Four years on, the Rafa Nadal Tennis Academy continues to give a future to Indian children
On 17th October 2010, a visitor from Spain made a quick stop at Anantapur, Andra Pradesh. It wasn’t just any visitor; it was 14-time Grand Slam winner Rafael Nadal flew down to inaugurate the Rafael Nadal Tennis Academy. The ‘King of Clay’ came with a mission: to help under-privileged children by providing them with education through academics and tennis.
Today marks the fourth anniversary of the academy. Over the years, thousands of children have learnt the sport, the English language and become better students. They have inculcated all the values taught by the coaches and teachers as well as those taught the game of tennis.
Tennis, which is usually considered as a high-society sport, was made accessible to children with very low resources. Almost all of the children at the academy get to see and hold a tennis racquet for the first time in their lives.
With the help of the Rural Development Trust (RDT), the academy helps children from Anantapur as well as nearby villages by taking care of all their needs. The academy is a part of the Anantapur sports village, built on a 40 acres land donated by RDT.
Nadal ensures the children receive everything
To successfully run such an ambitious project requires high-level and constant funding. This is where the Spanish superstar steps in and provides the financial backing. Every year, Nadal pumps in nearly Rs. 50 lakh. And every single rupee is properly spent to help the children become better citizens.
Over 150 children from Anantapur and nearby villages are currently enrolled in the academy. While some drop out with time, there are many who practise daily on the courts. Every child is provided with clothes, socks, shoes, tennis racquets, tennis balls and other education material.
Two buses are operated to transport children from nearby schools to the academy. All the coaches and staff at the academy are also paid by Nadal.
The children are given the best playing conditions. Five international standard clay courts with floodlights were built and are maintained daily (watered, rolled and lined). There is also a 40m tennis wall for children to practise and train.
A water-cooler makes sure that the children are hydrated at all times. Babolat racquets and good quality tennis balls are used to bring out the best amongst the children.
The academy seeks to bring about overall development of the children, and tennis plays an important part in this. The coaches ensure the children study as well. Computer labs and English classes are conducted every day. The children, previously unaware of what a computer was, now know how to write a letter, create Excel sheets and get information on the internet.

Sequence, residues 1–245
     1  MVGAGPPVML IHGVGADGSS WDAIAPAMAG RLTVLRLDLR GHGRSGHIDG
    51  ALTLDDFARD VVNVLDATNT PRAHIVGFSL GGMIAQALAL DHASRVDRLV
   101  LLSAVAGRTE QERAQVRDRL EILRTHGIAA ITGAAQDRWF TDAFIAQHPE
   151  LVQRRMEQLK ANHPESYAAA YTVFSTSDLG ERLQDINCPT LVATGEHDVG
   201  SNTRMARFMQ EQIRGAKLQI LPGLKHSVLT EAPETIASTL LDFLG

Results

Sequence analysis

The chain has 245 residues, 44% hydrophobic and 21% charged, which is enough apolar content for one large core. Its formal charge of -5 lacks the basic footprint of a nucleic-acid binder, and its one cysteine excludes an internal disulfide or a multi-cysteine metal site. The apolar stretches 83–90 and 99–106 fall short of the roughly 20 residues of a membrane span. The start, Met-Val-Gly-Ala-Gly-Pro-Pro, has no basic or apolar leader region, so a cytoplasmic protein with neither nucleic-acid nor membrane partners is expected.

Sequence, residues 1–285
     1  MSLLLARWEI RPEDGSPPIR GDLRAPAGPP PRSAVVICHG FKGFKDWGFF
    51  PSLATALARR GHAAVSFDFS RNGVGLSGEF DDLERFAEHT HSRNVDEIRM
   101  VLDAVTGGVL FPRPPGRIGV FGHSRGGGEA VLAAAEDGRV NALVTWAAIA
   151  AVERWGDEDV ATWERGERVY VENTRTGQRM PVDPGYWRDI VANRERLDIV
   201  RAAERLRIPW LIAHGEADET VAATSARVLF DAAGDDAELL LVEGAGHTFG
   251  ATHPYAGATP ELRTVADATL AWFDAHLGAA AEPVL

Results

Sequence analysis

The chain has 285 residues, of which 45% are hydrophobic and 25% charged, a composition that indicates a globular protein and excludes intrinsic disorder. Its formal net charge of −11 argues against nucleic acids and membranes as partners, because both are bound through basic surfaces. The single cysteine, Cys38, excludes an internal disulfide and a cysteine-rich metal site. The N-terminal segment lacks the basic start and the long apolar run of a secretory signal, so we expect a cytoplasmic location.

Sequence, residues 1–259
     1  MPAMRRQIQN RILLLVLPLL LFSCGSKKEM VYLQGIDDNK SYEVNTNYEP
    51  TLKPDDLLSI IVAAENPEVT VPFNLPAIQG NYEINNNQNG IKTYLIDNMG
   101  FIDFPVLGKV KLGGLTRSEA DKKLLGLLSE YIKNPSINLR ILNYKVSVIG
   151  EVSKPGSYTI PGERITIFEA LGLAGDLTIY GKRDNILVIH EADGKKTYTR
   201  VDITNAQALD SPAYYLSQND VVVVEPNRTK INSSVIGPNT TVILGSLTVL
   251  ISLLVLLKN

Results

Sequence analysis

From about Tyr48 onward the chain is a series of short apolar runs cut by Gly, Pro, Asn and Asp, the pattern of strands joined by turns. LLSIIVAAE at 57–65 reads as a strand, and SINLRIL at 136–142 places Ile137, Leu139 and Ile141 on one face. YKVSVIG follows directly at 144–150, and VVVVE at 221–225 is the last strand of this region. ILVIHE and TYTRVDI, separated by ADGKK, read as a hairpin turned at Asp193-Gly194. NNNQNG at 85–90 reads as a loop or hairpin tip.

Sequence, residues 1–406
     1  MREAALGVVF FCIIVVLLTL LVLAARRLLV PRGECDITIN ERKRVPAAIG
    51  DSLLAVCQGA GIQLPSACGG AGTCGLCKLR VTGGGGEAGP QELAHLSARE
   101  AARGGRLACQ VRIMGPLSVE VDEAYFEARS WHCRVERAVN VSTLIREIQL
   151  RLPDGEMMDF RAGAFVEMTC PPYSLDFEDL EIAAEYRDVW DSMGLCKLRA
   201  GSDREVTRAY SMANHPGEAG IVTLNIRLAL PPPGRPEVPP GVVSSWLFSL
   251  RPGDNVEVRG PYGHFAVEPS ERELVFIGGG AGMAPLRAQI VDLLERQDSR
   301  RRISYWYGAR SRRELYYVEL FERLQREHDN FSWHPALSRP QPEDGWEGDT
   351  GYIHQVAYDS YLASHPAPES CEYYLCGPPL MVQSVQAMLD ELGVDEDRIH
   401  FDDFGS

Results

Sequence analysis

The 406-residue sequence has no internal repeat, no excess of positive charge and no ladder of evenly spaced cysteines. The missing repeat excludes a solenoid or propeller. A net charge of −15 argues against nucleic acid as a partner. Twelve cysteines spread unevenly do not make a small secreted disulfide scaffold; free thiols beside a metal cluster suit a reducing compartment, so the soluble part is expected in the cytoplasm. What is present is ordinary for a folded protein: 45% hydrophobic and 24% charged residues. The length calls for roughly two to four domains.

Tennis co-ordinator Raduan El Chouaibi Sanchez of Spain ensures that all the needs of the children are met. Nutritional information and dietary assistance are also provided by the academy. Spanish fitness trainer Miquel conducts innovative and fun training drills to help children become healthier and learn to enjoy exercising.
With two-hour morning and evening sessions, every one of the 150 children gets ample time to play, learn and exercise at the academy. “We have different batches of 8-12 children. One batch on every court, one batch doing fitness under Miquel, one batch studying English and one in the computer lab,” Raduan said.
Tennis levels – From amateur to tournaments
The academy began with children holding a tennis racquet for the first time in their lives. Since 2010, several players have shown promising signs and even participated in All India Tennis Federation (AITA) challenger series tournaments.
The children are categorised into three levels based on their abilities. Pre-tennis level (5-6 years-old), regular (6-13 years-old) and AITA level (12-18 years-old).
13-year-old D. Pallavi is their finest player so far. Pallavi has won two tournaments and has been congratulated by former Indian cricket player Mohammad Kaif for her achievements. Pallavi’s most incredible achievement is that in just under three years of tennis, she has managed to play against experienced players from big cities.
“In the match, despite the result, you can see Pallavi can challenge against girls who have played tennis since they were 5 and 6-years-old. Pallavi started playing when she was 10. It is incredible how she is naturally so good at the game,” Raduan said.
Teaching English for better communication
Raduan, Miguel and other Spanish trainers that have coached the children, make it a point that English is the only language spoken at the courts. This helps the children to get better and more confident with the language.
When Raduan first visited the courts in January, it was a different situation. “When I first came to coach, the children’s communication was only 10 percent in English. It was difficult for them to understand me and for me to understand them. But now about 70 percent of the conversations are in English,” Raduan said.
More than just tennis
The Anantapur sports village is famous for Nadal’s academy, but there are also other top quality facilities here. The village boasts two hockey fields, a grass football field and a gymnasium along with the tennis courts. RDT and Rafael Nadal Foundation have come together for a wonderful humanitarian cause.
After four completed years of the tennis academy, Nadal, his foundation and RDT must be proud about helping hundreds of children by giving them an opportunity at a better life.